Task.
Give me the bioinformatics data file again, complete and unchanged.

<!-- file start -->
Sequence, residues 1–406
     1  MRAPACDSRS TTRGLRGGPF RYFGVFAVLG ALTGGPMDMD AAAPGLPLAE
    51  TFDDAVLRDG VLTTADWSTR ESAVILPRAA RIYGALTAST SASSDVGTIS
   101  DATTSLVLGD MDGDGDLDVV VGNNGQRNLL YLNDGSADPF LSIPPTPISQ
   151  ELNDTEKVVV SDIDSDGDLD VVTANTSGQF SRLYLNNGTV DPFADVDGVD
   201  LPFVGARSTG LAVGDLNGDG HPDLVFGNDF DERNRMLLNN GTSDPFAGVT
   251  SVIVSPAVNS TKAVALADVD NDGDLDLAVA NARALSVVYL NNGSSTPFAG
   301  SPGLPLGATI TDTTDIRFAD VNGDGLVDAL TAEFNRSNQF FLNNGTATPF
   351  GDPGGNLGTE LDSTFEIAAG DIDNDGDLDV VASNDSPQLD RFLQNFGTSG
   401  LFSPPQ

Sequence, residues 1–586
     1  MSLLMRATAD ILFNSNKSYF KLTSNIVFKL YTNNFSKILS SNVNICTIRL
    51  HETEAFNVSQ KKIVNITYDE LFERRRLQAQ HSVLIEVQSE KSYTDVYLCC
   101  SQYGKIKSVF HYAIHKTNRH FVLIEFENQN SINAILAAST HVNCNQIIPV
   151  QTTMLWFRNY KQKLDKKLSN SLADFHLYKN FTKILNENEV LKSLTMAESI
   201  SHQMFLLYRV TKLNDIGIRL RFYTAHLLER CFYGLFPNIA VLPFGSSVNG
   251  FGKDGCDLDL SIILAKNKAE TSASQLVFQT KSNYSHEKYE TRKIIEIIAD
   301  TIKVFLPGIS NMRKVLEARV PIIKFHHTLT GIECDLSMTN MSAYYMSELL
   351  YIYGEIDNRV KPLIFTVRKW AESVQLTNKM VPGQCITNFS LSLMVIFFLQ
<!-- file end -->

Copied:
Sequence, residues 1–406
     1  MRAPACDSRS TTRGLRGGPF RYFGVFAVLG ALTGGPMDMD AAAPGLPLAE
    51  TFDDAVLRDG VLTTADWSTR ESAVILPRAA RIYGALTAST SASSDVGTIS
   101  DATTSLVLGD MDGDGDLDVV VGNNGQRNLL YLNDGSADPF LSIPPTPISQ
   151  ELNDTEKVVV SDIDSDGDLD VVTANTSGQF SRLYLNNGTV DPFADVDGVD
   201  LPFVGARSTG LAVGDLNGDG HPDLVFGNDF DERNRMLLNN GTSDPFAGVT
   251  SVIVSPAVNS TKAVALADVD NDGDLDLAVA NARALSVVYL NNGSSTPFAG
   301  SPGLPLGATI TDTTDIRFAD VNGDGLVDAL TAEFNRSNQF FLNNGTATPF
   351  GDPGGNLGTE LDSTFEIAAG DIDNDGDLDV VASNDSPQLD RFLQNFGTSG
   401  LFSPPQ

Sequence, residues 1–586
     1  MSLLMRATAD ILFNSNKSYF KLTSNIVFKL YTNNFSKILS SNVNICTIRL
    51  HETEAFNVSQ KKIVNITYDE LFERRRLQAQ HSVLIEVQSE KSYTDVYLCC
   101  SQYGKIKSVF HYAIHKTNRH FVLIEFENQN SINAILAAST HVNCNQIIPV
   151  QTTMLWFRNY KQKLDKKLSN SLADFHLYKN FTKILNENEV LKSLTMAESI
   201  SHQMFLLYRV TKLNDIGIRL RFYTAHLLER CFYGLFPNIA VLPFGSSVNG
   251  FGKDGCDLDL SIILAKNKAE TSASQLVFQT KSNYSHEKYE TRKIIEIIAD
   301  TIKVFLPGIS NMRKVLEARV PIIKFHHTLT GIECDLSMTN MSAYYMSELL
   351  YIYGEIDNRV KPLIFTVRKW AESVQLTNKM VPGQCITNFS LSLMVIFFLQ